Weak Enforcement Erodes Law’s Promise

New studies continue to demonstrate what most nursing home residents know only too well. California and federal laws demand good care, but they are seldom enforced.

In February, the California HealthCare Foundation released a report showing DHS substantiated only 16 percent of nursing home complaints in 2005, a drastic decline from 41 percent in 2000. Few complaints result in corrective action, no matter how serious.

On April 12, the California State Auditor released her report—prompted partly by CANHR’s recommendation—on DHS’ nursing home oversight system. The audit found that DHS investigates complaints slowly, does not track complaints effectively, understates the seriousness of nursing home violations, and has not established an online information system required by a 1999 law.

On the heels of the California audit, the U.S. Government Accountability Office (GAO) issued its latest in a decade–long series of highly critical reports on the federal nursing home enforcement system. The GAO analyzed federal sanctions against 63 nursing homes in four states, including California, with long histories of harming residents. The study found that substandard nursing homes repeatedly cycle in and out of compliance, federal officials routinely grant grace periods that allow nursing homes to escape sanctions for neglect, and the few fines that are imposed are usually issued at the lowest levels.

Decades of weak enforcement have led many nursing home operators to believe that compliance with federal and state standards is voluntary. Knowing the risk of sanctions is slight, many operators put profit over care. This culture won’t change until regulatory officials recognize they exist to protect nursing home residents and begin putting residents’ interests first.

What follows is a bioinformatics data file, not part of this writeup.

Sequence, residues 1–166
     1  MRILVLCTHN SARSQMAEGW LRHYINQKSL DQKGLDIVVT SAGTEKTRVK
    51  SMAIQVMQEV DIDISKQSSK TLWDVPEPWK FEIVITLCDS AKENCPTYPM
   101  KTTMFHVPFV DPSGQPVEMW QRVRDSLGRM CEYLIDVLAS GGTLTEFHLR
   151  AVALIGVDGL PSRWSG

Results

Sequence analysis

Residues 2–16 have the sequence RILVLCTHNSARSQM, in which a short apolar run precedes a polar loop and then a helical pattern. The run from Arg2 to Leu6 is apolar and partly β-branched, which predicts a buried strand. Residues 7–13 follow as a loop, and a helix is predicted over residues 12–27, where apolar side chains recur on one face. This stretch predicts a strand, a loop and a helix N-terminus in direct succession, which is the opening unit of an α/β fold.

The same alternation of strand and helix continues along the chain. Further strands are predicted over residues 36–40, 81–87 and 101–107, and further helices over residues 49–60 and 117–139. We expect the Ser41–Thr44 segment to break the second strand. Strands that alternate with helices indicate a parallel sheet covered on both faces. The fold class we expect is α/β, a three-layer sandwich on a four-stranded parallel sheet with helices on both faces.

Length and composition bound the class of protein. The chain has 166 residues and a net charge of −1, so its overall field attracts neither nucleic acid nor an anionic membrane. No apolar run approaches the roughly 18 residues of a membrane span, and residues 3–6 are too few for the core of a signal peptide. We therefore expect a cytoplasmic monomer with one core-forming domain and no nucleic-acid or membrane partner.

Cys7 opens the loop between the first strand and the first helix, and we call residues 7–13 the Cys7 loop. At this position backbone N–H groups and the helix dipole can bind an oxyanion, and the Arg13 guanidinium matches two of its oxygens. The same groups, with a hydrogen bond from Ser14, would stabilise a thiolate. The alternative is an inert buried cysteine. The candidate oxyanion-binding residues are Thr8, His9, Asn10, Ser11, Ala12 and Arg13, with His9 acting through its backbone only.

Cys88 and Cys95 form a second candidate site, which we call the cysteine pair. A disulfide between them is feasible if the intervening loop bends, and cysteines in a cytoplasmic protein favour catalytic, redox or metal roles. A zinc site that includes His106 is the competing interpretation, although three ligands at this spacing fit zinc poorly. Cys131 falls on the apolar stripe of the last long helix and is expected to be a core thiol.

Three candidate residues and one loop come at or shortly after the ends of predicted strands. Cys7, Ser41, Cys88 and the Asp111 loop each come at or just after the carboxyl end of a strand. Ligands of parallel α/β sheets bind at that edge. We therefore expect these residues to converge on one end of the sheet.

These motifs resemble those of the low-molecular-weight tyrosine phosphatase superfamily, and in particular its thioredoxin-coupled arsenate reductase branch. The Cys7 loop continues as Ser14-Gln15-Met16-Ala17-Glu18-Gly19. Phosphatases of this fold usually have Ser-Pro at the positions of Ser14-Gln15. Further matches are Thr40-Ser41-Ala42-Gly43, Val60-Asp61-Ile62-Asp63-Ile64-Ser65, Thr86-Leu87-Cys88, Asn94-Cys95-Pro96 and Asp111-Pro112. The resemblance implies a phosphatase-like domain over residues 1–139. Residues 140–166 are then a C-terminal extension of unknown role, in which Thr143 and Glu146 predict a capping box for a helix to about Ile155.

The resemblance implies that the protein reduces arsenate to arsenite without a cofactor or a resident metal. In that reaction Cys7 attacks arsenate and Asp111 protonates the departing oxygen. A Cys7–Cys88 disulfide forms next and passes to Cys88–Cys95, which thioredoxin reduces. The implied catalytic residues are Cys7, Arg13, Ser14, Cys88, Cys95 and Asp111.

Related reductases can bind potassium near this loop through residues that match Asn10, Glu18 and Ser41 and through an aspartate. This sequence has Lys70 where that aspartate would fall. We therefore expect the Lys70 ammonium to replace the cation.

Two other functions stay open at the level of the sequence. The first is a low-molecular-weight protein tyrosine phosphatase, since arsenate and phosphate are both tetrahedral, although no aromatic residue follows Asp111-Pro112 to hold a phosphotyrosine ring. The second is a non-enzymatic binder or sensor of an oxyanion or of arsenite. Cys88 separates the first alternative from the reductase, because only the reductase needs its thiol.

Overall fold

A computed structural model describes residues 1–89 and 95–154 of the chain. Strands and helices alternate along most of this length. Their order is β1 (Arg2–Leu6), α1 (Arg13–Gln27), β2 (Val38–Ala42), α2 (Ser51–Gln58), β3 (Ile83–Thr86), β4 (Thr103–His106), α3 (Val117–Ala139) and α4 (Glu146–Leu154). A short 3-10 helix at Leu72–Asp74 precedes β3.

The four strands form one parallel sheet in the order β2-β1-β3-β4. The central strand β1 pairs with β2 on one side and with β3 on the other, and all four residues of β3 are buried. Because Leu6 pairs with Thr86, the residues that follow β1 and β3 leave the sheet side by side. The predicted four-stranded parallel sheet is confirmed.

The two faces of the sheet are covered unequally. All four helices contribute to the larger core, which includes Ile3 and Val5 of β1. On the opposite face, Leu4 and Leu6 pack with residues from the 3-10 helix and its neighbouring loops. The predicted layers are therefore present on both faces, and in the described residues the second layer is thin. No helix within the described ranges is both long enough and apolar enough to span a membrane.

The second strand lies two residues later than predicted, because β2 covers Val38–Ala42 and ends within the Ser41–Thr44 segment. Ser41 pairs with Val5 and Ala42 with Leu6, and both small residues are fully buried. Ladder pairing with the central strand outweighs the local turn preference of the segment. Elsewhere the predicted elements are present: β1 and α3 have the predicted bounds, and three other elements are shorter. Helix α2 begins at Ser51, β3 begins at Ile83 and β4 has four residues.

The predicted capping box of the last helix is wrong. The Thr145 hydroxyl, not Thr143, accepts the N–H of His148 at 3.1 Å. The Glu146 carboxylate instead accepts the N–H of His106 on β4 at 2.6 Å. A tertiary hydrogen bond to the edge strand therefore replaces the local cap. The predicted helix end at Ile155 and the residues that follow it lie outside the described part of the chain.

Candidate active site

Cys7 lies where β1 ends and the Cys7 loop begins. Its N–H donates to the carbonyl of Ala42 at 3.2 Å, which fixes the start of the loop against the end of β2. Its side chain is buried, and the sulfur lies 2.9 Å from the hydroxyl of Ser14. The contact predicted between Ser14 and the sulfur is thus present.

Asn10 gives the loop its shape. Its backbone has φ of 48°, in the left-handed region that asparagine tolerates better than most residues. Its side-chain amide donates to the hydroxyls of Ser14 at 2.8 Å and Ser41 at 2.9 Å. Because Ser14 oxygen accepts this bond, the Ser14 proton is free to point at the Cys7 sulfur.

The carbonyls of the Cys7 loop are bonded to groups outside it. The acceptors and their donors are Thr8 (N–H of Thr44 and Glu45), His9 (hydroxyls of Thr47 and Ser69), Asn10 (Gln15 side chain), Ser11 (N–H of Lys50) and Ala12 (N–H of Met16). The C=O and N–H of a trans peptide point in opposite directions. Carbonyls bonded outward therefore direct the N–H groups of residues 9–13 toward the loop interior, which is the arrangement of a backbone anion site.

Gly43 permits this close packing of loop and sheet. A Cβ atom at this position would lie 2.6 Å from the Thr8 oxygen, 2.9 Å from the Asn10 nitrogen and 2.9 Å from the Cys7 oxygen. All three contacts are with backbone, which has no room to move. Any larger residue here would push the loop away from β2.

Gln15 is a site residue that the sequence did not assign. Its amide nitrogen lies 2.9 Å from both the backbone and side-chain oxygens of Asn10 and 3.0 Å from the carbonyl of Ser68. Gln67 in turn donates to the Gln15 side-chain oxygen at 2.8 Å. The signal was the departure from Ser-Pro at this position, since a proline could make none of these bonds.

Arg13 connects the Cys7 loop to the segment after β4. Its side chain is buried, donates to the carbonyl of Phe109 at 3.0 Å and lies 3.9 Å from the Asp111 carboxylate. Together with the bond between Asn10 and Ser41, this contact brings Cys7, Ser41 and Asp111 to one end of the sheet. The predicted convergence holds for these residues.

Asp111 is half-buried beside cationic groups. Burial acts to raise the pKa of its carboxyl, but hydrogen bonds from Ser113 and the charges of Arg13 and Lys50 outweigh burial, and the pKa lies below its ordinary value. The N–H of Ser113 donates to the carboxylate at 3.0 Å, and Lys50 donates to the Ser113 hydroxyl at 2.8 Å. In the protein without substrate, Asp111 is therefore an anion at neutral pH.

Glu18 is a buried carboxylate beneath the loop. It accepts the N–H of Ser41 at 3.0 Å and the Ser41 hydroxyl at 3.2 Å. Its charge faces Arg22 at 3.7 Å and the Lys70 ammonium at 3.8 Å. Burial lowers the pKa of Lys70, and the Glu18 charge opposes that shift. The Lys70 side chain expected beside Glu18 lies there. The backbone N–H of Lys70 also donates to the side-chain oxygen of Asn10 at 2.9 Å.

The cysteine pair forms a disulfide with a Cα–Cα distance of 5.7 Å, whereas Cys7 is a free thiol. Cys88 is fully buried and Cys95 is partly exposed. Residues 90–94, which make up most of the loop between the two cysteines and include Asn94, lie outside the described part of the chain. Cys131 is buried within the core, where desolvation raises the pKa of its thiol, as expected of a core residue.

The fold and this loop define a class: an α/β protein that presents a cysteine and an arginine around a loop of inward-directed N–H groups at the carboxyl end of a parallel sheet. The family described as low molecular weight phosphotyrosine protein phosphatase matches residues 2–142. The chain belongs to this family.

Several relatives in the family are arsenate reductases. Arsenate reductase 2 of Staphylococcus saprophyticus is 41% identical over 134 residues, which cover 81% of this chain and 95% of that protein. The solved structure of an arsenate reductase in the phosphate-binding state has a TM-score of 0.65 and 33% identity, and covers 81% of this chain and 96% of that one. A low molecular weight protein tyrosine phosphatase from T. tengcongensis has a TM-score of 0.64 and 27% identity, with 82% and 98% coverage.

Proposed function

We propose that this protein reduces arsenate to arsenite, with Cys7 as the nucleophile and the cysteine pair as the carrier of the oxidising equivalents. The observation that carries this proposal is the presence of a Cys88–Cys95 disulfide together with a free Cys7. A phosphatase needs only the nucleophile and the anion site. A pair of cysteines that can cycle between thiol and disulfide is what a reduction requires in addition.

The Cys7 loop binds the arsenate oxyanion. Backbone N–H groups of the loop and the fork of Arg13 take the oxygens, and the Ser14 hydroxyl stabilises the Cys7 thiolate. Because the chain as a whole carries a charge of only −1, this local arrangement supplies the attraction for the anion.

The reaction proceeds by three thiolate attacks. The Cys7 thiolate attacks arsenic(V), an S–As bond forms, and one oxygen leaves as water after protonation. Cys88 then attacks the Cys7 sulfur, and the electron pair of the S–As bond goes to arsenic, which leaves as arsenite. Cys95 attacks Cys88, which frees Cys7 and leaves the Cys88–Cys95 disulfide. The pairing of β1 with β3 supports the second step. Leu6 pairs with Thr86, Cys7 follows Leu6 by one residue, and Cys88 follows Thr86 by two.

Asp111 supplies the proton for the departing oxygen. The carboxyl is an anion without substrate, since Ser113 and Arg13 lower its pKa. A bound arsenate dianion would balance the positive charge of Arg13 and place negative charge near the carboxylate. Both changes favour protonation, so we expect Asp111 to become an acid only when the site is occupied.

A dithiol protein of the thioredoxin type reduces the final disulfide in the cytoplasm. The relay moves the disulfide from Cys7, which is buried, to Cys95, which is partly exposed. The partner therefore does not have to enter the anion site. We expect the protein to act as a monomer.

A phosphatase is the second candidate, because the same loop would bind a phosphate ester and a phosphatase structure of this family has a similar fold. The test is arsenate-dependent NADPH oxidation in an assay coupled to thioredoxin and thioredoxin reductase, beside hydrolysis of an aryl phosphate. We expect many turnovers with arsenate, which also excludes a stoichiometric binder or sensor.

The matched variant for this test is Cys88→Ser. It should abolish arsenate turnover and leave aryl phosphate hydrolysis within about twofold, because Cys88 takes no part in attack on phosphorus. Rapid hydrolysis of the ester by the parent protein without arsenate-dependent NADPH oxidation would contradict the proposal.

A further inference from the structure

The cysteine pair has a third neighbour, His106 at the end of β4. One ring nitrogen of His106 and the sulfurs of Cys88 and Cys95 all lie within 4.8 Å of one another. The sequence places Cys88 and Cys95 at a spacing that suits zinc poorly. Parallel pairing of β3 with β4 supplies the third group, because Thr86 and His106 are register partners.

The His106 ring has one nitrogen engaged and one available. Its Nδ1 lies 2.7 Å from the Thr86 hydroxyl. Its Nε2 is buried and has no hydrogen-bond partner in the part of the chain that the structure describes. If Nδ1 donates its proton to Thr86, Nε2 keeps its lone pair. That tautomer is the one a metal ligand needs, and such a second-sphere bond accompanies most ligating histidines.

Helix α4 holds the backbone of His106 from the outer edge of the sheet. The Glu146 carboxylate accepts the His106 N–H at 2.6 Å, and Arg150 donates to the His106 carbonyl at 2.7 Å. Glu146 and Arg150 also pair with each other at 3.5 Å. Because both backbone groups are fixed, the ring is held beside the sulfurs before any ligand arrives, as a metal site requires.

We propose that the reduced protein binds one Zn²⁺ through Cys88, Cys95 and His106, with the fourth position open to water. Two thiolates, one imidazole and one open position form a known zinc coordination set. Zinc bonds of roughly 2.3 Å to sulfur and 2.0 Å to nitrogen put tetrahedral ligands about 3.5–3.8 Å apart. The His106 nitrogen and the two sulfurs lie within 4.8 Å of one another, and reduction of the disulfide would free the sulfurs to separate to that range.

In California, some progress is being made but much remains to be done. CANHR’s lawsuit against DHS has quickened initial complaint investigations. AB 399, a CANHR sponsored bill, would take additional steps to improve complaint investigations. SB 535, another CANHR bill, would ensure that DHS implements its long delayed nursing home information system, allowing consumers on’line access to information about nursing homes in their area.

Call to Action

Many of CANHR’s supporters have joined the fight against inadequate oversight and negligent care by joining our 2007 Campaign for Quality Care. None of the reform measures would have moved this far through the legislature without the many letters and calls from consumers. As these bills move through the legislative cycle, your support is more important than ever. Detailed information on all of the legislative measures sponsored by CANHR can be found on our web site at Become a CANHR Advocate and help change the way we provide long term care in California.